So this thinking is affecting my work, to be sure. I’m not telling the GOD OF WAR team to change things up or anything. As I said, I love single player games now more than ever.
But for the stuff I am directly working on, I am trying to take steps towards more pure game experiences and see what I can do with those.
I have to say, and I’m having a blast so far.
This last week I spent 3 days in Utah tweaking the crap out of the game with Scott and the guys and man, it was such a joy to be working on the pure-play aspect of the thing; it felt like we were communicating with the game- and the player- on the most fundamental of levels. And the beautiful thing is, besides the game is a blast to work on (whereas God Of War was a slog), it's also a game that I am enjoying playing. That is something I can’t do with the single player, action-adventure stuff I work on.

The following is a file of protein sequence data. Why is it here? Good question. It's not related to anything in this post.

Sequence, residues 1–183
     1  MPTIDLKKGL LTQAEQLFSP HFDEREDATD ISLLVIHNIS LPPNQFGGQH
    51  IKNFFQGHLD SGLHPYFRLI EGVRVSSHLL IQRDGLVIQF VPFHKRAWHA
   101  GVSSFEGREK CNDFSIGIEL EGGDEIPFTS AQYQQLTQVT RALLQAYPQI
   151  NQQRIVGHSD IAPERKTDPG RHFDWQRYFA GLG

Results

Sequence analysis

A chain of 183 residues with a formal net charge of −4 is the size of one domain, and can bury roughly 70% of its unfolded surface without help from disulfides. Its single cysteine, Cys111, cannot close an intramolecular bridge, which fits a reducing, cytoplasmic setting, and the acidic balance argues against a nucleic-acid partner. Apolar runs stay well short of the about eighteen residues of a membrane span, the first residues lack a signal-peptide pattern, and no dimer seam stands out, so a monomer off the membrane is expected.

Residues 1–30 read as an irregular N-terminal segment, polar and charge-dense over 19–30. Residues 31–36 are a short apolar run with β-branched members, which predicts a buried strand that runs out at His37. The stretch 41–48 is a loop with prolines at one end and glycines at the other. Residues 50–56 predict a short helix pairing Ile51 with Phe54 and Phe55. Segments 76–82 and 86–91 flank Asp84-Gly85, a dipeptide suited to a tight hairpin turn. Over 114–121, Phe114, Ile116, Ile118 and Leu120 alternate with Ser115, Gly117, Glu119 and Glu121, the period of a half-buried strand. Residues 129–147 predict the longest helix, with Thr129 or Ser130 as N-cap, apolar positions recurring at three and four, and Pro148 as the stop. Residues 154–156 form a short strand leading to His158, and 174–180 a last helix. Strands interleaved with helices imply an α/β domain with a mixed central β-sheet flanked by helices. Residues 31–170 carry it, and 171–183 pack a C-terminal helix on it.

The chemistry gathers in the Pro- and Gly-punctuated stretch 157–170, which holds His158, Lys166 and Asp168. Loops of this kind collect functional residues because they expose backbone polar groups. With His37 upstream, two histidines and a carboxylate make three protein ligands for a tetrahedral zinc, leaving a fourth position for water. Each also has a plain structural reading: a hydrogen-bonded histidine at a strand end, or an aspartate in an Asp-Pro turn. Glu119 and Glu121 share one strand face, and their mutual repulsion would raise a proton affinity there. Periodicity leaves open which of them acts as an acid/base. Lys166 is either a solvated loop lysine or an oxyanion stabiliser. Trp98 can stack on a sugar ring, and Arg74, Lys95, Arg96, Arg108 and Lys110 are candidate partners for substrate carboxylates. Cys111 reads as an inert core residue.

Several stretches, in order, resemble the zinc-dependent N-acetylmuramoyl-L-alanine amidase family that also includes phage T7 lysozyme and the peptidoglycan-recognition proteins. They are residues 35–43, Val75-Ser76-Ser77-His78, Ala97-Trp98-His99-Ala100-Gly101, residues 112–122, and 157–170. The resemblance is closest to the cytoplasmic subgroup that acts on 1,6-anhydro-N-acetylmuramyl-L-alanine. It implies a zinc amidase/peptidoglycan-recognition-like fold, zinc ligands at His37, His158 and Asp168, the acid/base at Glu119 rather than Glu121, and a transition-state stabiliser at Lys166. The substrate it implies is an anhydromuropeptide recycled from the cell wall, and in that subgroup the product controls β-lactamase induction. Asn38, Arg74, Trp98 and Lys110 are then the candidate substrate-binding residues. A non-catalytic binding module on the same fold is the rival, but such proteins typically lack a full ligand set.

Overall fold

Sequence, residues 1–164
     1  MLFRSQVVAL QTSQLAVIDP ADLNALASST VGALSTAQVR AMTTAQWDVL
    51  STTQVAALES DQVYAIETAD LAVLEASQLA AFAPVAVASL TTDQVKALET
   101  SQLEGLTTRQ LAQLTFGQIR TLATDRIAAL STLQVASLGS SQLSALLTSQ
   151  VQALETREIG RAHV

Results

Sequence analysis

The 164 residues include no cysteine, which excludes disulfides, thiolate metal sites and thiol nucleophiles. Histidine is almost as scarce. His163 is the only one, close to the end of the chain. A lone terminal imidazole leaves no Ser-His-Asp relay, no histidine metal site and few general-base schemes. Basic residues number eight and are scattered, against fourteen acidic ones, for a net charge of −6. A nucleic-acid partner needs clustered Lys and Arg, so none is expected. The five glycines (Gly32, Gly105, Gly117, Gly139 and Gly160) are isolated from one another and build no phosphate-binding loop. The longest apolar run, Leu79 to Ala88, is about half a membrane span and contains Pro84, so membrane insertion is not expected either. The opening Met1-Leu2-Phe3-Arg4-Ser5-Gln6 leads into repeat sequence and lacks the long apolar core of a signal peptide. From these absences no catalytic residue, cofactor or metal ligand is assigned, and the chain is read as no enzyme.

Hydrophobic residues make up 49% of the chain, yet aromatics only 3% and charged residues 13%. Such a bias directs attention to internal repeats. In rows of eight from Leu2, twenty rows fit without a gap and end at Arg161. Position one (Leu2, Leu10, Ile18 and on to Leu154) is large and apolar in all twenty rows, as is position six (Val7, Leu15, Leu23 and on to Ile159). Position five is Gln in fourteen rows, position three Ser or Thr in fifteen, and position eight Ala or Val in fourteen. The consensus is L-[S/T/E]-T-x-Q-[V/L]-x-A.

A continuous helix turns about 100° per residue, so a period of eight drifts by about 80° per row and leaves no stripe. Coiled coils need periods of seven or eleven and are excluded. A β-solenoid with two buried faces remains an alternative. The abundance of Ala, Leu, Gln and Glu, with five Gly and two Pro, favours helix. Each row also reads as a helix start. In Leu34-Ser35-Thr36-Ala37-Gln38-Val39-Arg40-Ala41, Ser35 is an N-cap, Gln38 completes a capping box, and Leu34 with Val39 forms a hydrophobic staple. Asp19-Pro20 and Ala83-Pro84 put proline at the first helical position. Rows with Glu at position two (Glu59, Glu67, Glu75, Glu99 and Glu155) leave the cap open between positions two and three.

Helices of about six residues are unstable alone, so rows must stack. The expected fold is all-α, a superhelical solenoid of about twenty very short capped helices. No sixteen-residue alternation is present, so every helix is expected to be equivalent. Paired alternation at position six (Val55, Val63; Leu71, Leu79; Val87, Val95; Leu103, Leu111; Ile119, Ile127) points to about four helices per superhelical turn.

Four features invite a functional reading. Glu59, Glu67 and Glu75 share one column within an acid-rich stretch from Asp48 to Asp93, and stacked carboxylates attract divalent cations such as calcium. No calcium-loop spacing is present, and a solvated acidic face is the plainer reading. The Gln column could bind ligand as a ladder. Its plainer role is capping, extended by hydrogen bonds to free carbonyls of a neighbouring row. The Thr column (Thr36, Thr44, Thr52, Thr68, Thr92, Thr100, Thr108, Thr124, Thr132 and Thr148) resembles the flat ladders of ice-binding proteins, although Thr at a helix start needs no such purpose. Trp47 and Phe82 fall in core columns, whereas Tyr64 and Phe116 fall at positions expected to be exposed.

And that’s a great feeling. Because I can’t play God Of War. It holds no joy or surprise for me because it’s all planned out; because I already enjoyed all of the elements of God Of War on the day me or the team thought them up, way before they were executed.
So is this a permanent change? I don’t know. It feels like it is, but I’m just going to have to see. I mean, I certainly want to keep making commercial games and keep doing things that game players love. As much as I respect game gurus like Chris Crawford, it's not like I think the biz is dead and don't care about commercial success within the current field. I do not want to work on dinky little mechanic based games that have no thematic resonance. But now I just want to do it in a way that celebrates what makes video games great, versus taking elements from other media and trying to squish those elements into a product that- if you do everything right- MIGHT just have one-tenth the emotional impact as what you can get from more traditional media (like film, tv, or books).
But for now, this is my path. I've always gone with my gut on this kind of stuff and right now, my stomach is having a ball.
Ps. There ARE a handful of great adventure games that also seem ONLY to embrace interactive...Zelda comes to mind. Not cutscenes, not attempt at the deep story... PLAY. But even those games don't look like they would be fun to work on so much as the play since they are so planned out (at least I assume they are).